But what do we know?

We know that with the very first awakening of knowledge, man is confronted with two obvious facts:

The existence of the world in which he lives; and the existence of psychic life in himself.

Neither of these can he prove or disprove, but they are facts: they constitute reality for him.

It is possible to meditate upon the mutual correlation of these two facts. It is possible to try to reduce them to one; that is, to regard the psychic or inner world as a part, reflection, or function of the world, or the world as a part, reflection, or function of that inner world. But such a procedure constitutes a departure from facts, and all such considerations of the world and of the self, to the ordinary non-philosophical mind, will not have the character of obviousness. On the contrary the sole obvious fact remains the antithesis of I and Not-I—our inner psychic life and the outer world.,

Further on we shall return to this fundamental thesis. But thus far we have no basis on which to found a contradiction of the obvious fact of the existence of ourselves—i.e., of our inner life—and of the world in which we live. This we shall therefore accept as the given.

This however is the only thing that we have the right to accept as

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given: all the rest demands proof and definition in terms of these two given data.

Space, with its extension; time, with the idea of before, now, after; quantity, mass, substantiality; number, equality and inequality; identity and difference; cause and effect; the ether, atoms, electrons, energy, life, death—all things that form the foundation of our so-called knowledge: these are the unknown things.

The existence in us of psychic life, i.e., of sensations, perceptions, conceptions, reasoning, feeling, desires etc., and the existence of the world outside of us—from these two fundamental data immediately proceed our common and clearly understood division of everything that we know into subjective and objective.

Everything that we accept as a property of the world, we call objective; and everything that we accept as a property of our psyche, we call subjective.

The subjective world we recognize directly: it is in ourselves—we are one with it.

The objective world we picture to ourselves as existing somewhere outside of us—we and it are different things.

It seems to us that if we should close our eyes, then the objective world would continue to exist, such as we just saw it; and if our inner life were to disappear, so would the subjective world disappear—yet the objective world would exist as before, as it existed at the time when we were not; when our subjective world was not.

Our relation to the objective world is most exactly defined by the fact that we perceive it as existing in time and space; otherwise, out of these conditions, we can neither conceive nor imagine it. In general, we say that the objective world consists of things and phenomena, i.e., things and changes in states of things. The PHENOMENA exist for us in time; the THINGS, in space.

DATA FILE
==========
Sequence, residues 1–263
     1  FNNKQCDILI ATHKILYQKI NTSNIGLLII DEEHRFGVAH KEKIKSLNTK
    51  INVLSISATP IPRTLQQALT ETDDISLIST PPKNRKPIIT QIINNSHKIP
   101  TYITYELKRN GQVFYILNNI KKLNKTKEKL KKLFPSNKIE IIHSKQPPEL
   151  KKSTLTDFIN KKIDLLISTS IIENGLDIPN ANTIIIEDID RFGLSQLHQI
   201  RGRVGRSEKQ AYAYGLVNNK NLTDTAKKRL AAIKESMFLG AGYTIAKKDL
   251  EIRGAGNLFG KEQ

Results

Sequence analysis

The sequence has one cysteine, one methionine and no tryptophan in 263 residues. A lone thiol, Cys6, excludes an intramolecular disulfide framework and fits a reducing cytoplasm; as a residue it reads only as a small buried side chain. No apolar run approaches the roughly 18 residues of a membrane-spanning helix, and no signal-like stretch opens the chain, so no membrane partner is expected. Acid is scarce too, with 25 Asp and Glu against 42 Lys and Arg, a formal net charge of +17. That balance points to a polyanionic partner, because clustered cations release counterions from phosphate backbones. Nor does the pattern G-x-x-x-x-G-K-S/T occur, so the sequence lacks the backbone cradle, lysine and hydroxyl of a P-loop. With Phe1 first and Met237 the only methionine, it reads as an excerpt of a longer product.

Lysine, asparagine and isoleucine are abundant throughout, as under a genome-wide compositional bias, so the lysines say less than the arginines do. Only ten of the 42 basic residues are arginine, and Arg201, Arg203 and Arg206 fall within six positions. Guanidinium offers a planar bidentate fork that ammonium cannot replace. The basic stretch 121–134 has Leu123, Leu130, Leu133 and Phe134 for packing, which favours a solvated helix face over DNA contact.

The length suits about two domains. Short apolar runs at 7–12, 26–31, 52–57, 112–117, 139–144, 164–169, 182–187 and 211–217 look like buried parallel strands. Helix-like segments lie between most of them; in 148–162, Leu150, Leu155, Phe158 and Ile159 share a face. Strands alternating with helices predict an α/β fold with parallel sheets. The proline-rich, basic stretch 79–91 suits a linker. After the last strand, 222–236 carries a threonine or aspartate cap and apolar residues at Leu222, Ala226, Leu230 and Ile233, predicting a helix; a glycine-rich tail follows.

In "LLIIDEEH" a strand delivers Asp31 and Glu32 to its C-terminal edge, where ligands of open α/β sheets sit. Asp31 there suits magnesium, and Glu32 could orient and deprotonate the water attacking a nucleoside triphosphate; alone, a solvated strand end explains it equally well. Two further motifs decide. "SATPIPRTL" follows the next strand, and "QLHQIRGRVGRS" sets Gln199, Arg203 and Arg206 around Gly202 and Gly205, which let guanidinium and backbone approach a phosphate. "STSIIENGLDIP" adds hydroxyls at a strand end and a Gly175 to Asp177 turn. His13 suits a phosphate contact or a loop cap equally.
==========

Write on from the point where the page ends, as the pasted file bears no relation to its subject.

But such a division of the subjective and the objective world does not satisfy us.

By means of reasoning we can establish the fact that in reality we know only our own sensations, perceptions and conceptions, and we cognize the objective world by projecting outside of ourselves the causes of our sensations, presupposing them to contain these causes.

Then we find that our knowledge of the subjective world, and of

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the objective world also, can be true and false, correct and incorrect.

The criterion for the definition of correctness or incorrectness of our knowledge of the subjective world is the form of the relations of one sensation to others, and the force and character of the sensation itself. In other words, the correctness of one sensation is verified by the comparison of it with another of which we are more sure, or by the intensity and "taste" of a given sensation.

The criterion for the definition of correctness or incorrectness of our knowledge of the objective world is the very same. It seems to us that we define the things and phenomena of the objective world by means of comparing them among themselves; and we think we find the laws of their existence outside of us, and independent of our perception of them. But it is an illusion. We know nothing about things separately from us; and we have no other means of verifying the correctness of our knowledge of the objective world than BY SENSATIONS.


Since the remotest antiquity the question of our relation to the true causes of our sensations has constituted the main subject of philosophical research. Men have always felt that they should have some solution for this question, some answer for it. And these answers have vacillated between two poles, from the full negation of the causes themselves, and the assertion that the causes of sensations are contained within ourselves and not in anything outside of us—up to the recognition that we know these causes, that they are embodied in the phenomena of the outer world, that these phenomena constitute the cause of sensations; and that the cause of all observed phenomena lies in the movement of "atoms," and the oscillations of the "ether." It is believed that if we cannot observe these motions and oscillations it is only because we have not sufficiently powerful instruments, and that when such instruments are at our disposal we shall be able to see the movements of atoms as well as we see, through powerful telescopes, stars the very existence of which were never guessed.